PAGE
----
Literature 4-22-2008

miniStories: “Fitness” by Mark Ehling

Read "Fitness" by Mark Ehling, selected by one of our spring 2008 judges, Stephanie Ash, to be a winning short in the inaugural round of's flash fiction series, miniStories.



What do they tell us? “Drink water.” Right? “It’s good for the skin.”

But that cheeseburger? A cheeseburger is itself an extension of death. And it tastes good. Which causes confusion.

All my ancestors faced the same problem regarding sausage, entrails, scraps, viscera and the entire subset of organ meat. “How can we take organ meat, and turn it into something that tastes good?”

The solution is fry it up in salt and fat.

Or sugar…. My childhood memory of breakfast is dominated by a particular kind of eastern European pastry. On the inside… a prune. Maybe a plum… a food-like center. No one would ever guess. But the outside: murderous. Because that prune had been dipped in fat and sugar and rolled in fried dough. And so my dad sat at church one day and when the priest said, “This mass has ended, let us go in peace to love and serve the Lord,” my dad blinked––just once, an involuntary spasm of neuro-electricity. Immediately he began to sweat. We drove home in silence. The family dispersed in its usual way––reading, napping, fleeing the house for an hour if possible––and on my way out the door I looked at Dad. He sat in his favorite chair. Something was wrong. His face… glistened. He did not look well. And I said, “Hey Dad. Is this right? Did you have a heart attack in church?”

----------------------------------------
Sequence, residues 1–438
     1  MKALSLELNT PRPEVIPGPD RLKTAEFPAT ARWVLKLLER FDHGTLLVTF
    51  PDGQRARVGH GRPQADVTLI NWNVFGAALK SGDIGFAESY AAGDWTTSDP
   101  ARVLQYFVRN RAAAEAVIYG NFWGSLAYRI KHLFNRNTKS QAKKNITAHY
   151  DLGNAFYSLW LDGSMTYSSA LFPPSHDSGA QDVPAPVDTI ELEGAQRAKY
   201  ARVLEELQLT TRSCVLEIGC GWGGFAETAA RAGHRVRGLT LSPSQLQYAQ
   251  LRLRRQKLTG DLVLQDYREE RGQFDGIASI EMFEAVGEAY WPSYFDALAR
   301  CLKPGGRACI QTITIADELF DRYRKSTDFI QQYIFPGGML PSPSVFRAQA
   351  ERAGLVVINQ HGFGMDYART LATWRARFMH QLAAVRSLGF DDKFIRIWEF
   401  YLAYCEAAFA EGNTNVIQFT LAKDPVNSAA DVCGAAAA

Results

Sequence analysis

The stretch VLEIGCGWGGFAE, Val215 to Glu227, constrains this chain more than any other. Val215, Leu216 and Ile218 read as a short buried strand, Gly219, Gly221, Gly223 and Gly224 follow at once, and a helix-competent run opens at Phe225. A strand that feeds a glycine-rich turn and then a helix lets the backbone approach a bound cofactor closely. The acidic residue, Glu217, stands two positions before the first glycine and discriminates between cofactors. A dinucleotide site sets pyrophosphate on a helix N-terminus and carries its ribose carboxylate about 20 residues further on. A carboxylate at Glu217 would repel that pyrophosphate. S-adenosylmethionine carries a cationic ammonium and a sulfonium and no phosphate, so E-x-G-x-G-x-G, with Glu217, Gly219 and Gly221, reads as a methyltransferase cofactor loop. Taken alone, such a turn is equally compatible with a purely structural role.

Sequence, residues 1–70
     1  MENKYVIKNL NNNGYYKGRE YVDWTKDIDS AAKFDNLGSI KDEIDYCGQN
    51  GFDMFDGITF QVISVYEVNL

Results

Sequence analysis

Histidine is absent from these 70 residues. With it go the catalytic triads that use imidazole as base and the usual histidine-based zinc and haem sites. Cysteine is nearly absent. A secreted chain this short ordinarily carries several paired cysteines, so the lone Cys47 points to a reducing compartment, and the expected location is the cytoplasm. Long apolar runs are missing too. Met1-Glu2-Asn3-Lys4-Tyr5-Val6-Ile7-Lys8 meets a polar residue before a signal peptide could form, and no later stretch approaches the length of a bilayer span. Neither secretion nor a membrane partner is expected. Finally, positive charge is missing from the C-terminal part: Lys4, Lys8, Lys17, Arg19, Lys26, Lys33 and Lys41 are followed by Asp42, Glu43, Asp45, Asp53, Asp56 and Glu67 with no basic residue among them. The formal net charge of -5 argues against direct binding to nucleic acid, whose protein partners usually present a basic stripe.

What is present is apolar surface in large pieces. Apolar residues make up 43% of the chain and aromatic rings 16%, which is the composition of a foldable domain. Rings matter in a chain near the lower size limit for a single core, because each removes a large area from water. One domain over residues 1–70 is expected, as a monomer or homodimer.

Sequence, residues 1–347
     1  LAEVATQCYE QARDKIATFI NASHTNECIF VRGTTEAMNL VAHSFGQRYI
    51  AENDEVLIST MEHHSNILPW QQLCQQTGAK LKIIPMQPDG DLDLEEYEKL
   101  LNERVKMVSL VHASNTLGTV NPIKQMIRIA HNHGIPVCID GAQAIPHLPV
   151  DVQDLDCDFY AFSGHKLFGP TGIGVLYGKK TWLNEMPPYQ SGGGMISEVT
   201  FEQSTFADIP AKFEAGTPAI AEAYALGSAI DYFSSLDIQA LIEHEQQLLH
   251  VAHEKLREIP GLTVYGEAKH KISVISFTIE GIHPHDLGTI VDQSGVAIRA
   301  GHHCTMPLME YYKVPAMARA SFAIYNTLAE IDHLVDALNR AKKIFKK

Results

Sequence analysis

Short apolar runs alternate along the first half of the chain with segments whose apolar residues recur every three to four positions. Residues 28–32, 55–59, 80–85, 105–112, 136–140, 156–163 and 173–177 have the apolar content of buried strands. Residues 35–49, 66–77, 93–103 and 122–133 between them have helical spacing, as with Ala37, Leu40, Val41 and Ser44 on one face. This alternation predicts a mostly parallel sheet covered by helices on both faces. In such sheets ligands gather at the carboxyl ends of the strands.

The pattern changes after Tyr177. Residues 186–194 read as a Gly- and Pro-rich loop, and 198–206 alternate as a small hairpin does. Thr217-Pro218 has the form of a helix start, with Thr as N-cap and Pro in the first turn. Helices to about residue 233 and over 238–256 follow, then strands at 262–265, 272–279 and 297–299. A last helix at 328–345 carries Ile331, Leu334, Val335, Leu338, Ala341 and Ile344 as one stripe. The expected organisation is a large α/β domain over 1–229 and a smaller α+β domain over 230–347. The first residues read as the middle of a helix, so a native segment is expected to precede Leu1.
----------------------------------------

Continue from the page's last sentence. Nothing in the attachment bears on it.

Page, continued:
He said: “I was waiting to see if anyone would notice.”

When I’m old I want that little shot of schnapps before dinner––just a little peppermint schnapps in a glass of Sprite––and I want to drink a beer, and I want that to be okay––all my grandchildren, sons and daughters, they’ll say: “Gramps, would you like your favorite beer, and a Schnapps, and good chair at the table? Something to facilitate the storytelling process about the old days?” Yes I would, dear hearts… and I want my life, and my things: my meat and my salt. And I want fitness.

When I run, I like to think of nothing, and I like to want nothing. When I was young, I ran for time. To best my time. Now I run for the quiet. Occasionally the fast cars pass me on the road. A neighbor… someone I know. They honk. I don’t even wave anymore. This is my time with the world. My feet pound. My chest is a drum. All I hear is my breathing. One and two and one and two and breathe and breathe….

That, and I recommend flexing. Like cats. With the entire body. You’ve got to get tight. Then relax.

Get tight.

And relax.

Get real tight.

And then… relax.

For some reason, it seems to help.

About the author: Mark Ehling is a writer and graphic designer living in Minneapolis. His short fiction has appeared nationally–in magazines such as Utne Reader, Denver Quarterly and The New Orleans Review–and he has written and produced several plays in the Twin Cities. He is currently completing a short film, How to Live Better, which will premiere in Spring / Summer of 2008.


Mark Ehling is a writer, teacher, and multimedia artist living in Minneapolis. His stories, comics, plays, and films have appeared widely, and he is most recently the author of a book of picture-stories: River Dead of Minneapolis Scavenged by Teenagers. …   read more